Their proclivity for ferocious, suicidal sex frenzies aren't helping them any.
"The breeding period is basically two to three weeks of speed-mating, with testosterone-fueled males coupling with as many females as possible, for up to 14 hours at a time," lead author Andrew Baker of the Queensland University of Technology said in a release.
All of that testosterone "triggers a malfunction in the stress hormone shut-off switch" for the males, Baker said. The males then get so stressed out that their immune systems fail, and they die before the females actually give birth.
Baker said the "yearly male suicide mission" cuts the population in half, leaving enough spiders and insects for the mothers to eat while raising the offspring.
Suicidal reproduction -- or semelparity-- is rare in mammals, and has so far just been documented in these kinds of marsupials.
A 2013 study published in the Proceedings of the National Academy of Sciences looked into why the marsupials evolved to have such extreme sexual behaviors. They concluded that the males didn't die off as some kind of altruistic act to ensure the survival of their offspring. Rather, females may be synchronizing their mating to coincide with the availability of food while they're pregnant. That short mating time frame creates intense competition -- so intense that the males end up dying.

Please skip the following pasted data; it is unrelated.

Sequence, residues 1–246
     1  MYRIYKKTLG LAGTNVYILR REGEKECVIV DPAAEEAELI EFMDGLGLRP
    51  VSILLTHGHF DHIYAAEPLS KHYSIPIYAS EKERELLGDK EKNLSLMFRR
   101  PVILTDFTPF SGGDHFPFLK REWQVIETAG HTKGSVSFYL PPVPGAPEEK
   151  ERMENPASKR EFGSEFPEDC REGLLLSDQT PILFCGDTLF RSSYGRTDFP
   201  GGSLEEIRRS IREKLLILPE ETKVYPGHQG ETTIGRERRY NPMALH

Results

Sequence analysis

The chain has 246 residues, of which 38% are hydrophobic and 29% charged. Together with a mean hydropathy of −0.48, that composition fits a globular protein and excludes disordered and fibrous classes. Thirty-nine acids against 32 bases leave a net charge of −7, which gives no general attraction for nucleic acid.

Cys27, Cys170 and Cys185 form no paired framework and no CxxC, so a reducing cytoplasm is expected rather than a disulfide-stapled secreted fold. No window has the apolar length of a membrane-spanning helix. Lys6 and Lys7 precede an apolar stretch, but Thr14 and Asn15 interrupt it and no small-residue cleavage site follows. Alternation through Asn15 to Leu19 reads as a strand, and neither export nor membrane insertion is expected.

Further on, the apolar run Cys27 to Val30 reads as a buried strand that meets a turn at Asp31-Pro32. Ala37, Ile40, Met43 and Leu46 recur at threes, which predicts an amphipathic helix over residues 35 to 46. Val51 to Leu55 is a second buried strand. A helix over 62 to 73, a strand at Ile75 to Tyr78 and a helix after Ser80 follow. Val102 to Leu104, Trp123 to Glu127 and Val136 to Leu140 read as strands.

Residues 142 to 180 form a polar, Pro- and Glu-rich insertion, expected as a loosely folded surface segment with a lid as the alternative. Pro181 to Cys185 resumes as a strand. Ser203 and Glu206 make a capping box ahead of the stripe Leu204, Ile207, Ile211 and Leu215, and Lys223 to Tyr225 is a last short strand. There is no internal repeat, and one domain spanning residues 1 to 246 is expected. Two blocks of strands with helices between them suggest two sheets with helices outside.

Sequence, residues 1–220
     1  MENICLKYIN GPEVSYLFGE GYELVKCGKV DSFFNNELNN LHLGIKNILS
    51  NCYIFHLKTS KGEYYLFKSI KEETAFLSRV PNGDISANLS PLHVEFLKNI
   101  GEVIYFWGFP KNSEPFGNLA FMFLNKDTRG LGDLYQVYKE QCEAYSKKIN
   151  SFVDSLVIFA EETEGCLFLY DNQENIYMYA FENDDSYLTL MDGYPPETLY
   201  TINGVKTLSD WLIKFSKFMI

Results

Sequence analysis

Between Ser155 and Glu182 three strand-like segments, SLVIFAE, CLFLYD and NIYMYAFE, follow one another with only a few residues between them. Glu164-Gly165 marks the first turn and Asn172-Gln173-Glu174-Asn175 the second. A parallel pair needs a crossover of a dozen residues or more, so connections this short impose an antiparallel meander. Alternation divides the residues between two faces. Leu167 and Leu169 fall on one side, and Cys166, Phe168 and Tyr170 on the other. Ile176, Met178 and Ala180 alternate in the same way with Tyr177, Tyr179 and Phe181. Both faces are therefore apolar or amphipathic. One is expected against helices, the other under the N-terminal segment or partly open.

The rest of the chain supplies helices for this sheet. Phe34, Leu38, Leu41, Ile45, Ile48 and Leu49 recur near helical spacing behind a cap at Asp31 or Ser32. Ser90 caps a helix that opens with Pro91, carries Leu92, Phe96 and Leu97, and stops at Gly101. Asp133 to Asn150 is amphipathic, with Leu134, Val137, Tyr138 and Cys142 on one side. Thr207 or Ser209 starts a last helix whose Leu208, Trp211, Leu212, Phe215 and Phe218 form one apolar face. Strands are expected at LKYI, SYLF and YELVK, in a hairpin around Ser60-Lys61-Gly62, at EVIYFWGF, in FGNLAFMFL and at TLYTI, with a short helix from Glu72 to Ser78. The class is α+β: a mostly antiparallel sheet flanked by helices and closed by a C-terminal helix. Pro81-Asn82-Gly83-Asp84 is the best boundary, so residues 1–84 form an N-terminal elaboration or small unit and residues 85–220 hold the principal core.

Over the past three years, scientists have identified five new antechinus species. The two marsupial species discussed in this new research occupy just a few square kilometers on remote, misty mountaintops. Most of the Tasman Peninusla animal's "habitat falls within state forest, which is being logged," Baker said. "This species now apparently only lives in tiny, fragmented stands of intact forest that are under threat."
"It's a shame that mere moments after discovery, these little Tasmanian marsupials are threatened with extinction at human hands," Baker said.
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